The last thing we need is a "New Deal-type jobs program" which consisted primarily of drafting about 15 million into the military. Some very good things originated with the "New Deal" (REA, TVA, etc.) but sane economic policy was not one of them. Slaughtering and disposing of millions of hogs while people were starving is but one example.

Anonymous said...

I know he has been living in a bubble the past few years, but this is obviously a very clueless man who thinks every American family has thousands of dollars set aside for that rainy day.


And did you vote for him?

Valerie Long Tweedie said...

No doubt about it, the President is out of touch with ordinary people. These visits are so staged! It is too bad the Prez can't sit down with the workers and ask them about their concerns and really listen to what the real people in this country have to say. I imagine the workers are kept far away from the Commander and Chief except to clap in groups and pose for photo ops.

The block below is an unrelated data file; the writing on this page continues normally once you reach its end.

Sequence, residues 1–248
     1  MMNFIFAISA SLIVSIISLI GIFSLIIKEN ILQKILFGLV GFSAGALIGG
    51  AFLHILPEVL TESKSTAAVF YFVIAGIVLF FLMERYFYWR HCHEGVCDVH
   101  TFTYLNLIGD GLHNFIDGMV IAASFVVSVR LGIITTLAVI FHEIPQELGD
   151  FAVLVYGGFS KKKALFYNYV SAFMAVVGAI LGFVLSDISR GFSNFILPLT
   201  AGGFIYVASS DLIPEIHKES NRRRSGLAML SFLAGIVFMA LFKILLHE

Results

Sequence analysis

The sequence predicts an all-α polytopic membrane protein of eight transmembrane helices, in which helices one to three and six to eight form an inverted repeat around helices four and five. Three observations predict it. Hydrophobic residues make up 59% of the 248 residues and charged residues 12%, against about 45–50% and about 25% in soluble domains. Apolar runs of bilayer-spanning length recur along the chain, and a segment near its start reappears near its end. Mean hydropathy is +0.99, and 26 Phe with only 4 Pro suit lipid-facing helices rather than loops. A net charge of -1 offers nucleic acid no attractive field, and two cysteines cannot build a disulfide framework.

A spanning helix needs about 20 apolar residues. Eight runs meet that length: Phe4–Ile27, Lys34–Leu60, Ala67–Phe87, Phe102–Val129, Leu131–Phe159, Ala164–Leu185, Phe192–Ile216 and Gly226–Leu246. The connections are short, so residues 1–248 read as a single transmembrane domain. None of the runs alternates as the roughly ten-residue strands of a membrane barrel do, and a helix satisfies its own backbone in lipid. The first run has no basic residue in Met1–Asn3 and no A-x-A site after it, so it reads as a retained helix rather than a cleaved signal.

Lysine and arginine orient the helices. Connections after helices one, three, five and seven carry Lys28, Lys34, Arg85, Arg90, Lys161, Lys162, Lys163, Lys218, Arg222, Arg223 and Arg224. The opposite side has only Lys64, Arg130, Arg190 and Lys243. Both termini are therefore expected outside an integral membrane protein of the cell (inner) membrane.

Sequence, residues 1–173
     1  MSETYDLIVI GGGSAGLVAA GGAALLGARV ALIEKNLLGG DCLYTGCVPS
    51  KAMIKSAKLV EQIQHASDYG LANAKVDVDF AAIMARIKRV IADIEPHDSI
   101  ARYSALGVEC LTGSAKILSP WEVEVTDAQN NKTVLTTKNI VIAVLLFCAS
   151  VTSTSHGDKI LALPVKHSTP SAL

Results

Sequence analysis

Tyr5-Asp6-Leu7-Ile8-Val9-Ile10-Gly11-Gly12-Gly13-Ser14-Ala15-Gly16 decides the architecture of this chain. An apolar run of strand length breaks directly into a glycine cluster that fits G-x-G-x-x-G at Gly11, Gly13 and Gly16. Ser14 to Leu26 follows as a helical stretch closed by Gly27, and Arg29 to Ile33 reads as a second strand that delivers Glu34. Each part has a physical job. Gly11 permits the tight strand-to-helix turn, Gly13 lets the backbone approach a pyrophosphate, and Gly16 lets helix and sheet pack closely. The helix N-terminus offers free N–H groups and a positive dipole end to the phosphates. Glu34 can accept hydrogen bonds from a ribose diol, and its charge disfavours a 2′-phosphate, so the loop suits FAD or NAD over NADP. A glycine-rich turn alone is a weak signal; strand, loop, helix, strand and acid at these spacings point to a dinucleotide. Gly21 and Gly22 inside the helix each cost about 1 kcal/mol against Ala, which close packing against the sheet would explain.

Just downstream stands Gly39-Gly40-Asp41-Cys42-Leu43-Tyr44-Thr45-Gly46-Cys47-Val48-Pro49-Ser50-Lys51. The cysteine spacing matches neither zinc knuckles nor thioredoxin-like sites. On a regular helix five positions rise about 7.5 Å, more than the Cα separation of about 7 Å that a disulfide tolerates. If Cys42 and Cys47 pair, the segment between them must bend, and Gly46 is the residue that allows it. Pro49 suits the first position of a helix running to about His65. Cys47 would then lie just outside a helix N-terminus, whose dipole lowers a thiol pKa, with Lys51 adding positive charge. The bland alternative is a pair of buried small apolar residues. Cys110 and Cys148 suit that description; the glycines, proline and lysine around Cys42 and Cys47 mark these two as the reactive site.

One thing the Prez didn't talk about in his family analogy was when families see their income reduced they not only tighten their belts, they go looking for other sources of income. They get a second job or maybe a stay at home mom goes looking for work. If this family scenario is a model for how our government is supposed to work, then the government needs to be looking at new sources of revenue. And that means taxes.

I have an idea. Instead of the temporary Bush tax cuts for the wealthy, let’s have some temporary taxes on the wealthy to get our budget in line. How much did the bank bailout cost us? Well, we should temporarily tax the banking industry (which enjoys record profits) on all those reckless trades and speculations until we get our deficit down. How much did the war cost us? We should temporarily tax all the war profiteers and slap a 20 cent a gallon on gas at the pump until that part of the debt is paid down. And if anyone complains, send them a “I Support Our Troops” yellow ribbon magnet to stick on the back of their car.